The Decisive Moment

December 28, 2010

I’m sure we all experience this. I keep putting it off. Making one excuse after another. Somehow blogging always comes second to last on the massive list of things to do. Go to the post office. Write that card. Find the ribbon. Get a haircut.  Photoshoots. Projects. The list just goes on and on. For those of you that are friends with me on facebook or follow me on twitter, you may have caught up on some of whats been happening. In any case, I got through most of the holiday season, and just getting back to the blog now, hoping to catch the rest of you all up on some of the things i’ve been doing.

First is a project that begins with the premise that everything that happens in our lives can be documented with a camera phone. Our phones now hold the shooting and storage capacities of many market comparable point and shoot digital cameras. We carry them with us everywhere. We take pictures of funny moments, our pets, our friends, our bikes, our windowsill flowerpots. There are even apps for turning our photos into vintage relic copies- Hipstamatic for the Iphone or Vignette for the Droid, creating modern day digital versions of Polaroid, Toy camera, and Fisheye style photos just to name a few. The argument that has emerged is the same argument that occurred when DVD players started replacing VHS machines, when CDs and then Ipods replaced tapes and records, when the Kindle and the Nook came out with its digital book reader. Camera-phones will not replace the need for actual cameras, for real live “old fashioned” 35mm film or true to form Polaroid cameras ( which despite the original shut down of the film, there has occurred a resurrection ) due to the draw towards nostalgia and the need for the thrill of creating images based on the burning of light onto silver. Just like records and real books, film cameras will not likely go out of style anytime soon ( have you been to Williamsburg or South Philly lately?? )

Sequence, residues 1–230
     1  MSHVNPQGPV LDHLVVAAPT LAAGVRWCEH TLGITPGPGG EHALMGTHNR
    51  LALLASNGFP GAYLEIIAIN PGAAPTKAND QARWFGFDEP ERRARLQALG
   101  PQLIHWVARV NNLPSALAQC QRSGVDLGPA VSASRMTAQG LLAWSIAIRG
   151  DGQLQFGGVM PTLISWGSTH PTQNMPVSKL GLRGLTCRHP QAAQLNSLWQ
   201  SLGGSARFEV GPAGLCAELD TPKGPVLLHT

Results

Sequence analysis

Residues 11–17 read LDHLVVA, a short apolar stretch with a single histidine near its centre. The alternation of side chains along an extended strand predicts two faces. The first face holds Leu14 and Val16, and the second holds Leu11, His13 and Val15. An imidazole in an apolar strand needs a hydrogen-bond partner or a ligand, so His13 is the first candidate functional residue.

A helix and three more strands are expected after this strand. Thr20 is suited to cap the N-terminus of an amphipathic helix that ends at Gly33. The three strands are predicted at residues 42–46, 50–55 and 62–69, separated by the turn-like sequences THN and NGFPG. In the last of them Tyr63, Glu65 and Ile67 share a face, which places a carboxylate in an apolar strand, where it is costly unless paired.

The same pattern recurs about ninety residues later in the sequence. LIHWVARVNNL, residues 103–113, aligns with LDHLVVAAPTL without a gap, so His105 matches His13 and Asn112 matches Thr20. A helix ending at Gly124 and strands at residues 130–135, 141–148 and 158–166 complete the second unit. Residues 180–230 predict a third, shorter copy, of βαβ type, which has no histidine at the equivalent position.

The lure of shooting with my camera phone, images that I could likely shoot with a real camera came to me as convenience at first, and then an anthropological exploration of sorts that allowed me to look at the world around me and capture it quickly and discreetly. I began making images whilest out and about. Coming home from work. Going to a friends house in Brooklyn. Walking to the train. For me, there is no longer a line between the eye that looks at the world through the lens of a camera and the eye that looks at the world. I entitled the project, “on the fly” after a term used on the cooking line in restaurant kitchens for food that needs to be cooked and sent out as quickly as possible. These images occurred and were captured quickly, hence the similarity of the title. Later, coincidently I learned that I was doing exactly as Henri Cartier-Bresson had predicted. He said that there is “nothing in this world that does not have a decisive moment”. His technique, and the title of one book following was Images à la Sauvette, which translated roughly means “images on the run” or “images on the fly”. I had not known I was following in his footsteps while working on this project. These images were not pre-planned. They were not known. They happened by themselves. I was only there to see that they were happening.

on the fly


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2 Responses to “The Decisive Moment”

  1. leandra Says:

    wow. these are awesome shots. i’m excited that there’s actually been such a focus on developing camera phones so they have the amazing clarity they do now. can’t wait to see pictures in a few years.


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